We shall discern the right
And do it, tardily.
-- O ye who lead,
Blindness we may forgive, but baseness we will smite.
Walt Whitman |
A CALIFORNIA song!
A prophecy and indirection—a thought impalpable, to breathe, as air;
A chorus of dryads, fading, departing—or hamadryads departing;
A murmuring, fateful, giant voice, out of the earth and sky,
Voice of a mighty dying tree in the Redwood forest dense.
Farewell, my brethren,
Farewell, O earth and sky—farewell, ye neighboring waters;
My time has ended, my term has come.
Along the northern coast,
Just back from the rock-bound shore, and the caves,
In the saline air from the sea, in the Mendocino country,
With the surge for bass and accompaniment low and hoarse,
With crackling blows of axes, sounding musically, driven by strong arms,
Riven deep by the sharp tongues of the axes—there in the Redwood forest dense,
I heard the mighty tree its death-chant chanting.
The choppers heard not—the camp shanties echoed not;
The quick-ear’d teamsters, and chain and jack-screw men, heard not,
As the wood-spirits came from their haunts of a thousand years, to join the refrain;
But in my soul I plainly heard.
Murmuring out of its myriad leaves,
Down from its lofty top, rising two hundred feet high,
Out of its stalwart trunk and limbs—out of its foot-thick bark,
That chant of the seasons and time—chant, not of the past only, but the future.
You untold life of me,
And all you venerable and innocent joys,
Perennial, hardy life of me, with joys, ’mid rain, and many a summer sun,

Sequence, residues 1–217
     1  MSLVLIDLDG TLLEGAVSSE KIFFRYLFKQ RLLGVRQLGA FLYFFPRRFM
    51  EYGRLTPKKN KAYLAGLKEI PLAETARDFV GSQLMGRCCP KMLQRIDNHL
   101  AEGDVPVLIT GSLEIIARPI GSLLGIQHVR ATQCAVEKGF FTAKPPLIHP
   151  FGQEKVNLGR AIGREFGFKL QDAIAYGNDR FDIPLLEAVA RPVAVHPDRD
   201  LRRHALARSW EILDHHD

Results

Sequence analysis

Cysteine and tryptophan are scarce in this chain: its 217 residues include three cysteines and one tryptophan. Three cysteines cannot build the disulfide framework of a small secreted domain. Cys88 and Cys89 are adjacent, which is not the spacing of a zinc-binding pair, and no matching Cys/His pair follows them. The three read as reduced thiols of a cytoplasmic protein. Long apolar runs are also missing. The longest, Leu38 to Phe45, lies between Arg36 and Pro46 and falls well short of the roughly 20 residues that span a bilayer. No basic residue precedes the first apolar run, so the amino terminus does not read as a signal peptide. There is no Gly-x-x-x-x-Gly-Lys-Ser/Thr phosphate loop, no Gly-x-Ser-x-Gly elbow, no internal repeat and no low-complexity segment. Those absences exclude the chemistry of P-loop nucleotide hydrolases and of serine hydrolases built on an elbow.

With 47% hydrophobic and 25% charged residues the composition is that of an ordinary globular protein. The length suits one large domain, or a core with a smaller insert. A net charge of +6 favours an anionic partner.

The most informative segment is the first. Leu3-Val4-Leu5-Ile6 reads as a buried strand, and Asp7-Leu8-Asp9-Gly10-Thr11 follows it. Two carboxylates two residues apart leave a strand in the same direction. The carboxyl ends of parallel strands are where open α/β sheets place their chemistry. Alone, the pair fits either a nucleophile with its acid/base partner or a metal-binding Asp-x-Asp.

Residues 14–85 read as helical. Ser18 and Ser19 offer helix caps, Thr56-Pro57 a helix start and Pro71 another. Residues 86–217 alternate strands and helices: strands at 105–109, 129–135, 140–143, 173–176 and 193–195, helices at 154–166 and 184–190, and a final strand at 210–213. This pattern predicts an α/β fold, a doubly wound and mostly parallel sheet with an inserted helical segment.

And the white snows, and night, and the wild winds;
O the great patient, rugged joys! my soul’s strong joys, unreck’d by man;
(For know I bear the soul befitting me—I too have consciousness, identity,
And all the rocks and mountains have—and all the earth;)
Joys of the life befitting me and brothers mine,
Our time, our term has come.
Nor yield we mournfully, majestic brothers,
We who have grandly fill’d our time;
With Nature’s calm content, and tacit, huge delight,
We welcome what we wrought for through the past,
And leave the field for them.
For them predicted long,
For a superber Race—they too to grandly fill their time,
For them we abdicate—in them ourselves, ye forest kings!
In them these skies and airs—these mountain peaks—Shasta—Nevadas,
These huge, precipitous cliffs—this amplitude—these valleys grand—Yosemite,
To be in them absorb’d, assimilated.
Then to a loftier strain,
Still prouder, more ecstatic, rose the chant,
As if the heirs, the Deities of the West,
Joining, with master-tongue, bore part.
Not wan from Asia’s fetishes,
Nor red from Europe’s old dynastic slaughter-house,
(Area of murder-plots of thrones, with scent left yet of wars and scaffolds every
But come from Nature’s long and harmless throes—peacefully builded thence,
These virgin lands—Lands of the Western Shore,
To the new Culminating Man—to you, the Empire New,
You, promis’d long, we pledge, we dedicate.
You occult, deep volitions,
You average Spiritual Manhood, purpose of all, pois’d on yourself—giving, not taking
You Womanhood divine, mistress and source of all, whence life and love, and aught that
from life and love,
You unseen Moral Essence of all the vast materials of America, (age upon age,
in Death the same as Life,)